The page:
Individuals use strategies to create conflict between a child and the parent who is targeted for alienation. These behaviours and intended conflict lead to the rejection of that parent. The manifesting symptoms during parental alienation include, but are not limited to:
1. Badmouthing or denigrating the target parent.
2. Limiting contact e.g. dropping the kids off late, picking them up early, arranging activities for the child in the target parent’s appointed time or moving far away from the target parent.
3. Interfering with communication e.g. not allowing calls, distracting the child during calls, withholding letters and presents from their parent.
4. Interfering with symbolic communication e.g. removing all photos of the target parent from the child’s home and not allowing the child to speak of them.
5. Withdrawal of love or approval from the child.
6. Telling the child the target parent doesn’t love them.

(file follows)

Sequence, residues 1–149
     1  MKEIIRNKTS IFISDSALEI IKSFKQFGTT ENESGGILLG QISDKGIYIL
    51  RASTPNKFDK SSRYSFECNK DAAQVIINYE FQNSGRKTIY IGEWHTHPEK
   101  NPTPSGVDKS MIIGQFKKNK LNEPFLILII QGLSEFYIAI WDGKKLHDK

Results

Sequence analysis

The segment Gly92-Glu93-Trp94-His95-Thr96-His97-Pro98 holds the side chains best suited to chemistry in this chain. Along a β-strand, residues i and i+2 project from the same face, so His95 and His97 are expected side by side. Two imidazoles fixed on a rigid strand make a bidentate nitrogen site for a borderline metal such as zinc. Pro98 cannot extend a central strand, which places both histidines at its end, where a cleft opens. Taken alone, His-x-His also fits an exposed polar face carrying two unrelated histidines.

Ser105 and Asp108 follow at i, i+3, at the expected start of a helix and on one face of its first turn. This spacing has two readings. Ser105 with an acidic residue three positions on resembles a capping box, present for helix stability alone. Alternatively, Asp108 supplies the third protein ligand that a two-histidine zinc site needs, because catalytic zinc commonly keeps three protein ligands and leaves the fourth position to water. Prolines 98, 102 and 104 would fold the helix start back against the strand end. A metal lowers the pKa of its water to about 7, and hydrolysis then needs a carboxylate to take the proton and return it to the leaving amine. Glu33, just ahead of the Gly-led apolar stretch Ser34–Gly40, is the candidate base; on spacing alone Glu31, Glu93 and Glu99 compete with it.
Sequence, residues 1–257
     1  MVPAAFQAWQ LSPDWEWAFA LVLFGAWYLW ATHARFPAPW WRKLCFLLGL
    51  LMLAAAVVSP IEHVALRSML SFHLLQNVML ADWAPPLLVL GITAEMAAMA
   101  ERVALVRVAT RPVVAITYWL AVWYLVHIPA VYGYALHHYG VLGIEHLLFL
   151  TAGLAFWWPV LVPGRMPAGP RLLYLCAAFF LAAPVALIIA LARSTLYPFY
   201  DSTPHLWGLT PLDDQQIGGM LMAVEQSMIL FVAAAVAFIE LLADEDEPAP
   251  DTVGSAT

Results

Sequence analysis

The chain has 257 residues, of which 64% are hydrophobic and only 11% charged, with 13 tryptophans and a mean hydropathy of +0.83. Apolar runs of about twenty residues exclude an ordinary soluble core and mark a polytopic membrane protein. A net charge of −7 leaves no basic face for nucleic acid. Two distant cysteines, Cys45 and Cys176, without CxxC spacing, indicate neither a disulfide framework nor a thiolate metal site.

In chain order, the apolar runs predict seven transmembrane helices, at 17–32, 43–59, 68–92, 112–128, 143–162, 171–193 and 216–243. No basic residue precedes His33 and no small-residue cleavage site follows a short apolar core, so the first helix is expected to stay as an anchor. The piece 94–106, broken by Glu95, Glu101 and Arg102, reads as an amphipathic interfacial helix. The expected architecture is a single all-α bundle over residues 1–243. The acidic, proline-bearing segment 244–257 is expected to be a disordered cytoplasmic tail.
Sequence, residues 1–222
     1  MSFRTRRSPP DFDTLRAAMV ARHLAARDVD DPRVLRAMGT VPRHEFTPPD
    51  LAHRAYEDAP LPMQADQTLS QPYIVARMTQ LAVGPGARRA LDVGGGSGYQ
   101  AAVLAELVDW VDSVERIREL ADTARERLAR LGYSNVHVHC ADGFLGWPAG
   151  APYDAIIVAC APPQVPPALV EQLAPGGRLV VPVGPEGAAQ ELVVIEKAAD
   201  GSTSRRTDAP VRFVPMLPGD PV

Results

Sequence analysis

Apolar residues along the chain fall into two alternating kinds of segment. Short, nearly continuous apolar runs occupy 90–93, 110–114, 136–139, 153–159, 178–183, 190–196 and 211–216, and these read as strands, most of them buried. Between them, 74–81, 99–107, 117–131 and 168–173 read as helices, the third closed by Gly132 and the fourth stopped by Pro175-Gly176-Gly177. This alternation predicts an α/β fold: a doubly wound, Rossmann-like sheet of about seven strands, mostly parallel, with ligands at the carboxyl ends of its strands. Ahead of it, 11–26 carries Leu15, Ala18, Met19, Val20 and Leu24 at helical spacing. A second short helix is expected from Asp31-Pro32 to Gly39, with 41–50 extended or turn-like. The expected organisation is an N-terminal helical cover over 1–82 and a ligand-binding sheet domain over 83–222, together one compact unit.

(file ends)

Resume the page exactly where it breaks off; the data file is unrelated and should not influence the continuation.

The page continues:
7. Allowing the child to believe that parenting time with the target parent is optional.
8. Creating a false impression, the target parent is dangerous – with the child and those providing child services.
9. Confiding in the child about adult issues.
10. Forcing the child to reject the targeted parent.
11. Asking the child to spy on the target parent.
12. Asking the child to keep secrets from the target parent.
13. Referring to the target parent by their first name.
14. Referring to a step parent as “mum” or “dad” and encouraging the child to do the same.
15. Withholding medical, social or academic information from the target parent.
16. Changing the child’s name to remove their association with the target parent.
17. Undermining the authority of the target parent.